Breathing...We do it around 22,000 times a day. Our lungs contain around 24000 kilometers of airways and can contain 600 million alveoli (air sacs) and if stretched out, the surface area of our lungs would be the same size as a tennis court. We can increase the rate of life-giving oxygen that circulates through our blood by increasing our lung capacity (with exercise) and we can calm our nervous system by decreasing our rate of breathing when we are calm. Our breath can affect our mental health, blood pressure, heart rate, hormones, blood sugar levels and so much more. Yet there is no formal medical specialization that deals with teaching breathing in a way that yoga therapists and teachers do. Our lungs are amazing and precious and developing a variety of breathing skills can be beneficial for our health in many ways.
There is a pervasive thought that a ‘good breath’ is long and slow. Especially in the meditation and mindfulness sphere, where many of the breath practices tend to focus on extending the breath, especially the exhale. However, it is important to note that our bodies regulate our breathing patterns from moment to moment. Optimizing our breath for the activity our body is performing at the time. Therefore, if we were running up a steep hill for example, taking a long slow breath may becounter-productive for our body processes such as expelling CO2 and optimizing oxygen intake to support our muscle movement and exertion. A ‘good breath’ in this example may be a faster shallower breath.
It is easy for us to lose sight of the importance of our natural breath. Our breathing is part involuntary and part voluntary, meaning we can choose to control our breath to a certain degree or breathe without conscious effort. Observing the natural breath is a skill that should be practiced and may be more difficult than you anticipate! Surrendering control over the breath can be confounding, as bringing your awareness to the breath can naturally begin to change it. However, the ease with which our natural breath occurs and the natural variation in the breathing pattern and pauses between the breaths can give us great insight into our autonomic nervous system. Observing our natural breath for a few moments can give us some valuable clues to what is going on in the body and the mind and the breath can then act as our bridge to change those physical and psychological factors, if we choose.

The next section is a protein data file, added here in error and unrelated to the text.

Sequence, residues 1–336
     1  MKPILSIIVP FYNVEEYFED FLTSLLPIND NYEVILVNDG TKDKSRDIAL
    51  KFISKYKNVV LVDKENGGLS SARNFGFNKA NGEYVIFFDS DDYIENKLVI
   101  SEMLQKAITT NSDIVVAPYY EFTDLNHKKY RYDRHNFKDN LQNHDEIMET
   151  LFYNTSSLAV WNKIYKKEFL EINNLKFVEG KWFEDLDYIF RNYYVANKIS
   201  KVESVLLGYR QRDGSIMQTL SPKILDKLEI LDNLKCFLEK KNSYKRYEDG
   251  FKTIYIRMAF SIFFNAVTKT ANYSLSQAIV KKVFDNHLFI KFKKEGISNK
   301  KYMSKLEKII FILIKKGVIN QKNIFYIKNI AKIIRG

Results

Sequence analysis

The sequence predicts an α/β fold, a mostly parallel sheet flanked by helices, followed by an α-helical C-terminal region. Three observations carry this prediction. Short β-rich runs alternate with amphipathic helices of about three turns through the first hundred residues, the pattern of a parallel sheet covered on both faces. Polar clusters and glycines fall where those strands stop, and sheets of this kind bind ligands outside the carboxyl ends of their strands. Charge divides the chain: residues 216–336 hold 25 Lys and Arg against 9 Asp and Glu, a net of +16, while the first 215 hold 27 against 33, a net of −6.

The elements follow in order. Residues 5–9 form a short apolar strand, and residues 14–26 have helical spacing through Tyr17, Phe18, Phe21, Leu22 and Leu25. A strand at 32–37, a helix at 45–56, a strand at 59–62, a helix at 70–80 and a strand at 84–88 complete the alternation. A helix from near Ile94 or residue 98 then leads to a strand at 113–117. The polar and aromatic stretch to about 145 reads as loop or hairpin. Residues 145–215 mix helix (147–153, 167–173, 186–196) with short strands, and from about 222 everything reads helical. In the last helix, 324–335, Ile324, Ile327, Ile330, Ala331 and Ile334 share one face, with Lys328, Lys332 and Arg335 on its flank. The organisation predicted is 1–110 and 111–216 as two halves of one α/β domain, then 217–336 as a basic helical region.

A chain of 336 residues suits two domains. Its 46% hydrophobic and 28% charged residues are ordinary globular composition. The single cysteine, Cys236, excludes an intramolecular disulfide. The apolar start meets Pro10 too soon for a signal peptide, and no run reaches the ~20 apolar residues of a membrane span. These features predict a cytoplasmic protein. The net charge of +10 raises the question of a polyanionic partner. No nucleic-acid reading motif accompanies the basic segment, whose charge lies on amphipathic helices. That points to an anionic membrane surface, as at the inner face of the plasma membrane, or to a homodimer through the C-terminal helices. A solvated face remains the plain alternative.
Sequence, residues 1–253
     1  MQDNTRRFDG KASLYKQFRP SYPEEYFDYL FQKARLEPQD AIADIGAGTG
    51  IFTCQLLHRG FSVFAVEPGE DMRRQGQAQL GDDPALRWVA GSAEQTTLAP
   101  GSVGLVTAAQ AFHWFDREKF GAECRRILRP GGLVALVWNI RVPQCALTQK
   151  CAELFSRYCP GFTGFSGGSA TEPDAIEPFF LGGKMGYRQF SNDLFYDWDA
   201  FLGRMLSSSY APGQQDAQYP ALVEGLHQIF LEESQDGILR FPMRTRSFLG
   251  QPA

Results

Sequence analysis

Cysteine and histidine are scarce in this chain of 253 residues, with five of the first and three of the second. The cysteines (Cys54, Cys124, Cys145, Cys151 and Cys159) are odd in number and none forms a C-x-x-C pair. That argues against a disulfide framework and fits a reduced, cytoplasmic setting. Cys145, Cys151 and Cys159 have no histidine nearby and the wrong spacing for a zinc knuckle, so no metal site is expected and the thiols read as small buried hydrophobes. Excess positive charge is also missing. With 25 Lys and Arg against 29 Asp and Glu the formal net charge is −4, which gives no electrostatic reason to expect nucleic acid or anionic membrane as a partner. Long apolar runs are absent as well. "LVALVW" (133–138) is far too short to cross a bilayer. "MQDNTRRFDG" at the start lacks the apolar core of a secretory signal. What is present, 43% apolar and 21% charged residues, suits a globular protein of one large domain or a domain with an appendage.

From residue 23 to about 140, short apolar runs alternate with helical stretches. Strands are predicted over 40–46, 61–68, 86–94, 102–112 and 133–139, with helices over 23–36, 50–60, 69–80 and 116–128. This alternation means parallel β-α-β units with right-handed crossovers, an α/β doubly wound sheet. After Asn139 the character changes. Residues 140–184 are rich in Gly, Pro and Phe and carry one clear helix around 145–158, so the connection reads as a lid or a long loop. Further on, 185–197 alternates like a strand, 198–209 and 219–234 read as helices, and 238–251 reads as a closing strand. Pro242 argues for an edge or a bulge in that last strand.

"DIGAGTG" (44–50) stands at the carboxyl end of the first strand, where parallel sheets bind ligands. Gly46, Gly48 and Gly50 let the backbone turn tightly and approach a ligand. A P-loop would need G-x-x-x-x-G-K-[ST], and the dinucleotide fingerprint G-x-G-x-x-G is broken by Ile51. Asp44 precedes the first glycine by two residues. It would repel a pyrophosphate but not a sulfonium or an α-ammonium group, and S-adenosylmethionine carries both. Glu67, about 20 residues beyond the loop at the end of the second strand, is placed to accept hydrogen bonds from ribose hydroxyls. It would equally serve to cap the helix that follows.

The natural breath is the baseline for starting any work with breatj regulation. A great starting point is to set a duration for your exercise, 5 minutes for beginners. Get into any comfortable position for your body. Then bring your attention to your breath without trying to change or control it. Your mind may wander (as minds do, it's normal and natural) but gently return your attention each time to noticing the breath without interfering with it, or dwelling for too long on any observation (which is likely to influence the breath itself). After you time is finished take a moment to notice how you feel, what did you notice about your breath?
Our breath is a complex and wonderful process and observing our natural breath is a great way to appreciate all that our body does for us and quickly tap into a restful state for the mind. It's also the basis for many other breathing techniques that build on this ability. Give it a try and comment below with your thoughts.